Double Coverage: Advice at top of the draft

Posted by ESPN.com's Mike Sando and Kevin Seifert

The Detroit Lions, St. Louis Rams and Seattle Seahawks combined for six victories last season. That included two Seahawks victories over the Rams.

The draft won't fix these wayward teams overnight -- unless, of course, they follow the advice of NFC West blogger Mike Sando and NFC North blogger Kevin Seifert.

Kevin Seifert: Well, Mike, first off I'd like to thank the Seahawks and Lions for making our jobs a bit easier for the next six weeks. Before last weekend's trade that sent defensive tackle Cory Redding to Seattle for linebacker Julian Peterson, we were weighing the candidacies of too many players for the No. 1 overall pick in the April 25-26 draft.

Would the Lions take Georgia quarterback Matthew Stafford? Would they capitalize on the strong tackle class and swoop up Baylor's Jason Smith? Or would they make a compromise selection and take the player considered the safest pick in the draft, Wake Forest linebacker Aaron Curry?

Seems to me this trade has eliminated Curry from the Lions' mix. Don't you agree? I mean, would you draft Curry after giving up a promising defensive tackle (and also a fifth-round pick) for someone who plays the same position? I don't think I would. They say Curry could project as a middle linebacker in the NFL, but it would be awfully hard to justify drafting a middle linebacker with the No. 1 overall pick.

So that pretty much settles it, right? Wouldn't you agree that Curry is much more likely to wind up with one of your NFC West teams, whether it's St. Louis at No. 2 or Seattle at No. 4? If it were up to me, the Lions would take the best left tackle in the draft, and that would be Smith.

Mike Sando: I tend to see Curry landing with Kansas City in that third slot. The Rams could use him, sure, but they pretty much have to emerge from this draft with a starting offensive tackle. Can they find one after the first round? Probably, but 'probably' might not be good enough for a team that has invested so much in Marc Bulger and Steven Jackson. Upgrading the offensive line was the No. 1 priority this offseason. Signing Jason Brown solved the problem at center, but Alex Barron is the starting left tackle now that Orlando Pace is out. They're talking about having Jacob Bell move from left guard to right tackle. That doesn't sound promising.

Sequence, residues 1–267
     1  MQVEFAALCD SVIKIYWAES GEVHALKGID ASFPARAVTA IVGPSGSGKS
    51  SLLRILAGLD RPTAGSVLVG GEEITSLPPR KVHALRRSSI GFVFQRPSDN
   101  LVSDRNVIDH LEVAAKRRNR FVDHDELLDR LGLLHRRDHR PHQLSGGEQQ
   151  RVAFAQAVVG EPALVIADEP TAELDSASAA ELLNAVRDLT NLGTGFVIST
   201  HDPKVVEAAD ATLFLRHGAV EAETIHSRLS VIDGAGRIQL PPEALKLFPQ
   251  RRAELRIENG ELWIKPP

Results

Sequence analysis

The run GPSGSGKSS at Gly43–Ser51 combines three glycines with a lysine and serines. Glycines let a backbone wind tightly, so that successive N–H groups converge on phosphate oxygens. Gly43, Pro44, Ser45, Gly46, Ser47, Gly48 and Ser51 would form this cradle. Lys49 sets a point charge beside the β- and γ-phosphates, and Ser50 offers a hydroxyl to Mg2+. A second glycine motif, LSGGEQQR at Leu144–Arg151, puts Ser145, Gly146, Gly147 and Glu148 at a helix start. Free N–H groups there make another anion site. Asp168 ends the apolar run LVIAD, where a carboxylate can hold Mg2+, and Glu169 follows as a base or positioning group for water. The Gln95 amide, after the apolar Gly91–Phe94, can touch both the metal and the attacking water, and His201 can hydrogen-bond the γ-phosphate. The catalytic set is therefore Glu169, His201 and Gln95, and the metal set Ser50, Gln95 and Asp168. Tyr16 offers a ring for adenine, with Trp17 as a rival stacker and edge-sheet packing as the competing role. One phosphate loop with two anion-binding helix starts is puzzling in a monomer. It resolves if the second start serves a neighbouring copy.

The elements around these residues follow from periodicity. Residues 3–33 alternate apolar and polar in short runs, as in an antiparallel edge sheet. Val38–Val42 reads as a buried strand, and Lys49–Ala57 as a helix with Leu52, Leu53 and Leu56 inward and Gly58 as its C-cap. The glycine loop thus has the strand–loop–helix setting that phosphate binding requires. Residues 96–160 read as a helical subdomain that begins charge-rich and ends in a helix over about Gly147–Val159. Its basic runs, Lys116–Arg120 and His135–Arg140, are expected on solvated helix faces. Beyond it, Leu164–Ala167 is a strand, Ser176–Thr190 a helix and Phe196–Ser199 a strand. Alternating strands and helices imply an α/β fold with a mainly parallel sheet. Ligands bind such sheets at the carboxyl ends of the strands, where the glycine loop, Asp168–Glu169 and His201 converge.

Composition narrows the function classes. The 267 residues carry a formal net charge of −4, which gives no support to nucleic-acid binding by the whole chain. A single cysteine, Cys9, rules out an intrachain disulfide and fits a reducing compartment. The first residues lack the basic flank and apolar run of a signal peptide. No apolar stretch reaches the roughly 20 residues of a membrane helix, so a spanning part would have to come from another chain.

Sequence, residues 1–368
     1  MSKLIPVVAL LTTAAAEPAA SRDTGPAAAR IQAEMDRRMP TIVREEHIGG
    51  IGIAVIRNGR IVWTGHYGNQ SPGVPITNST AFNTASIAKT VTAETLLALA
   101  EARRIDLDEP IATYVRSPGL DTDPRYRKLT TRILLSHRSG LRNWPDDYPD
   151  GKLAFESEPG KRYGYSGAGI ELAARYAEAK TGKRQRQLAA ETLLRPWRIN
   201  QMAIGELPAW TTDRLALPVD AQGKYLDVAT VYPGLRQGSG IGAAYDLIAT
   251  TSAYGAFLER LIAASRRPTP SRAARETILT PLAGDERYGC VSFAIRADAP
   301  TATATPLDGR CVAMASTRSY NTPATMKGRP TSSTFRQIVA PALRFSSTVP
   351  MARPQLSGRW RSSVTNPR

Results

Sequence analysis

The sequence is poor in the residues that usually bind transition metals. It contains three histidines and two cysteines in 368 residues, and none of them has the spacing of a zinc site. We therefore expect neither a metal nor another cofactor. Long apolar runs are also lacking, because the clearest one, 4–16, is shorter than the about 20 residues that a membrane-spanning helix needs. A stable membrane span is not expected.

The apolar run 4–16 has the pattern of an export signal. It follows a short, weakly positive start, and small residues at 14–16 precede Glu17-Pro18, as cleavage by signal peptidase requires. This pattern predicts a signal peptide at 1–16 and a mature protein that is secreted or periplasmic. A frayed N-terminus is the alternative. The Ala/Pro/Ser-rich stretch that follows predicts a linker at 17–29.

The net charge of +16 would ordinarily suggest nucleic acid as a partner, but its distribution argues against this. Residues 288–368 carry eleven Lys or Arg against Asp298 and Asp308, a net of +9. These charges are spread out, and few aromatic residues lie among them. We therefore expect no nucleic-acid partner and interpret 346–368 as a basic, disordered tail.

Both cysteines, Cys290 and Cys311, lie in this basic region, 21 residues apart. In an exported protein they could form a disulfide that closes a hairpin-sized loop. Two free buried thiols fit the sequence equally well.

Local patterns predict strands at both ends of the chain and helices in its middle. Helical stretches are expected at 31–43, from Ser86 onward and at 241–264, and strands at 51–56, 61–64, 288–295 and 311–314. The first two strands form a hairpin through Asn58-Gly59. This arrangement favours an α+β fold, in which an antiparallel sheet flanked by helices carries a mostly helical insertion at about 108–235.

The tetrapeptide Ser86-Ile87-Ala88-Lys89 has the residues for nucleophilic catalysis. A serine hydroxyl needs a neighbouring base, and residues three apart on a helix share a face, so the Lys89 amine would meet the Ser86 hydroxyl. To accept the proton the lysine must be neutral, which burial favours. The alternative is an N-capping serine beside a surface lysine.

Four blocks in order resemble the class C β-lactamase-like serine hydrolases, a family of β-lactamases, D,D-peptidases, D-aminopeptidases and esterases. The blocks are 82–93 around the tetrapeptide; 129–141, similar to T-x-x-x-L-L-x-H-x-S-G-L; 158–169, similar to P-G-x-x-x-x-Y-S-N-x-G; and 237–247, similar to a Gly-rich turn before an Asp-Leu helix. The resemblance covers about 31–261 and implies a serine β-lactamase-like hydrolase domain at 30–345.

As much as Steve Spagnuolo wants to build that defense, I'm not sure the Rams can resist taking a tackle. Once Curry makes it past the Rams, the Chiefs would seemingly be a good fit -- which would put Seattle in an interesting position. They've got Matt Hasselbeck, but should they consider Stafford under our scenario?

Kevin Seifert: We all know how good Hasselbeck is, of course, after listening to T.J. Houshmandzadeh sing his praises earlier this month. When you have a combination of Joe Montana, Joe Namath and John Elway, why would you need to draft some junior out of the University of Georgia?

Seriously, there are significant questions about Stafford independent of Hasselbeck's presence. Some scouts are concerned about his accuracy (57.1 percent for his three-year career), while others just aren't sure he's worthy of the No. 1 overall pick. The Lions can't afford to miss with that pick, and I think they're better off looking deeper in the draft -- or even to 2010 -- to find their quarterback of the future.